Win7's msconfig/boot dead

paul1149

Member
That seems to make perfect sense. Adding to the mix, in the Win7 Recovery environment, after I had tried to BootRec /fixmbr, /fixboot, /rebuildbcd, I /scanos'd, and was informed that there were Zero Windows installs on the drive. I fully expected a brick on reboot, but just like Old Faithful, that original boot screen came up again. Whatever is going on has effectively hidden itself from even these recovery commands.

Yes, sorry. The spelling is easeusld.ldr. And it may be a function of either easeus' todo backup or partition master.

Addendum:

One person over at sevenforums reported back that he has an original Win7 install, with the separate system partition (EFI?), and his Boot tab is active.
 
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Terry60

Knows where his towel is.
Staff member
Which is "system", C or the hidden ?
 

mqudsi

Mostly Harmless
Staff member
This is an EASUS problem, you should probably take it up with them.

Too many of these big names in software write crappy software using the easiest workarounds, not taking into consideration what they're breaking in order to make their software work with minimal effort on behalf of their developers.

Keep us posted!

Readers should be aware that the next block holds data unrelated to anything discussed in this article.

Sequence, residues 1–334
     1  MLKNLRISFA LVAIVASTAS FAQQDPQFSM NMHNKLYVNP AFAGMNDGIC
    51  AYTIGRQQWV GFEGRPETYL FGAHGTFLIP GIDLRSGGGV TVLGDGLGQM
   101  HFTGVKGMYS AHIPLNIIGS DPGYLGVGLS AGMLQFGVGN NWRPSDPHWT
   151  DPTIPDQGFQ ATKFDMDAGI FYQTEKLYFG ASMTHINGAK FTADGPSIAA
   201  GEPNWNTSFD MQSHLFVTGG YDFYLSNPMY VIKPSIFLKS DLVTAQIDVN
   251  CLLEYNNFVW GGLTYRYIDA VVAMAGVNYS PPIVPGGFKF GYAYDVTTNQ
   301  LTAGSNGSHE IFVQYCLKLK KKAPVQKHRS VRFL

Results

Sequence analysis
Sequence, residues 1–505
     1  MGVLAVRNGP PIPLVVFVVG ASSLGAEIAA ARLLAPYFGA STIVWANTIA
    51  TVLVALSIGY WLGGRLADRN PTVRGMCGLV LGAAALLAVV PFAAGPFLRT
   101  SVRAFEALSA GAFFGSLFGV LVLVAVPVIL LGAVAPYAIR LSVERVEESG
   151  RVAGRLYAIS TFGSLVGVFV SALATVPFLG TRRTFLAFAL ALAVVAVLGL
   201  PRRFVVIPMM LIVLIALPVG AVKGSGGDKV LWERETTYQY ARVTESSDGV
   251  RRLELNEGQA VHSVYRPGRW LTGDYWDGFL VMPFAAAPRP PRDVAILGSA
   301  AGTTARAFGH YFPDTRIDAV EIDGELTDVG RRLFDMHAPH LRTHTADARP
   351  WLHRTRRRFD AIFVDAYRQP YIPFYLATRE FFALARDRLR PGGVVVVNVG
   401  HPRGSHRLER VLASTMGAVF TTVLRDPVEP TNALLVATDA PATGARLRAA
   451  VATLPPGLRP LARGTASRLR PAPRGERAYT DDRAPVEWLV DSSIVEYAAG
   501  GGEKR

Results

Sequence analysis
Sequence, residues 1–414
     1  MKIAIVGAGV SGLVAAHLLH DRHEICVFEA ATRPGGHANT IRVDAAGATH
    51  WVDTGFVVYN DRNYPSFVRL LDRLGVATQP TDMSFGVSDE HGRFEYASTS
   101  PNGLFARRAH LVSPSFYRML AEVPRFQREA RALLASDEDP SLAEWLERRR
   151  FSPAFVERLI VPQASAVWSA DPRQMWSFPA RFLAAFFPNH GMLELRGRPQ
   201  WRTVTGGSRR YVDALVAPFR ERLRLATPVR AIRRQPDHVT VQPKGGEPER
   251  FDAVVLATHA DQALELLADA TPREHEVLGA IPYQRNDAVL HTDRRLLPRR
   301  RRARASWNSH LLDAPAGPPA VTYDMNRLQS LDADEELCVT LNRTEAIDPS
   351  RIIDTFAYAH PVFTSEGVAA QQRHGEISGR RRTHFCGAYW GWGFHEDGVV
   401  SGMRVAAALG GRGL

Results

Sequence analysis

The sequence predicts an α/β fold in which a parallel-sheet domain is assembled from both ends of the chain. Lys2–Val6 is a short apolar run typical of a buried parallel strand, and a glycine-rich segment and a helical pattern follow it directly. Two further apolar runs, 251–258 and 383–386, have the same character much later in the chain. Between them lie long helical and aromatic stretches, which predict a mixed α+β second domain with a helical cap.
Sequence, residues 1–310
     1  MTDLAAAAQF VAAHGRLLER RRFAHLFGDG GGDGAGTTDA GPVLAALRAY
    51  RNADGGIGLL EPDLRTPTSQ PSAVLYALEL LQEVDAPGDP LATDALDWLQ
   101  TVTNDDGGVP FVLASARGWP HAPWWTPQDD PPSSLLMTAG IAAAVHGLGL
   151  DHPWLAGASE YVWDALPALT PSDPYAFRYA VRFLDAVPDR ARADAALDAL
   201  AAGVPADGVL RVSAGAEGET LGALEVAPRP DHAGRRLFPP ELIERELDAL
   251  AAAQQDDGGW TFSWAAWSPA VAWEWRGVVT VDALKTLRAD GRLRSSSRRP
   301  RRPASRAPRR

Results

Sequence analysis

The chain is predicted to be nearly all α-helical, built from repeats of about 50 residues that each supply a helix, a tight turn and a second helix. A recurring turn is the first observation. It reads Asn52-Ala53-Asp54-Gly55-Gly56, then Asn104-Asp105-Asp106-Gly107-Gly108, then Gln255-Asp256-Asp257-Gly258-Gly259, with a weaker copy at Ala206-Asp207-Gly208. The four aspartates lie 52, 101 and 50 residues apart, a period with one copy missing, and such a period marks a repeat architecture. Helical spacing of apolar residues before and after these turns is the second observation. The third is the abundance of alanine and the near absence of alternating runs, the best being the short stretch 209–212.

If you want to just make everything work again, you need to use EasyBCD's change boot drive feature. Just select "C:" from the drop-down and you'll be good to go.
 

paul1149

Member
The hidden partition is System, Active. The Win7 partition is Boot.

I have an query in at the easeus forum. This is all very strange indeed.

Everything already works, in terms of booting where I want. But it bothers me to lose control of the system, plus I'm trying to learn what I can from this. Will definitely look at the boot drive thing.

Addendum:

Woah.... this time EasyBCD brought up the boot menu with no problem - and I mean the original, multiple-entry menu that I had constructed several weeks ago. Could it be that our long national nightmare is now over?

I go to msconfig. I cautiously select the Boot tab. I brace myself. I am confronted with a live tab, populated with the menu entries. I am able to select Boot log, which was my original reason for going here three days ago.

The problem is solved, and I have no idea what went wrong or how it was corrected. I actually wish it still existed, so I could get to the bottom of it.
 
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mqudsi

Mostly Harmless
Staff member
Oh well?
 

paul1149

Member
I was able to get back into hibernation again, too. It had suddenly broken along with this problem. But now on a reboot the whole problem is back.
 

mqudsi

Mostly Harmless
Staff member
Use the change boot drive feature, let us know what happens.
 

paul1149

Member
Is this of any interest? I just came back to the computer and tried easyBCD, and it again could not access the operative BCD. Then I went to Disk Management and assigned a letter, Q, to the hidden partition. I tried easyBCD again, and now the BCD loaded instantly.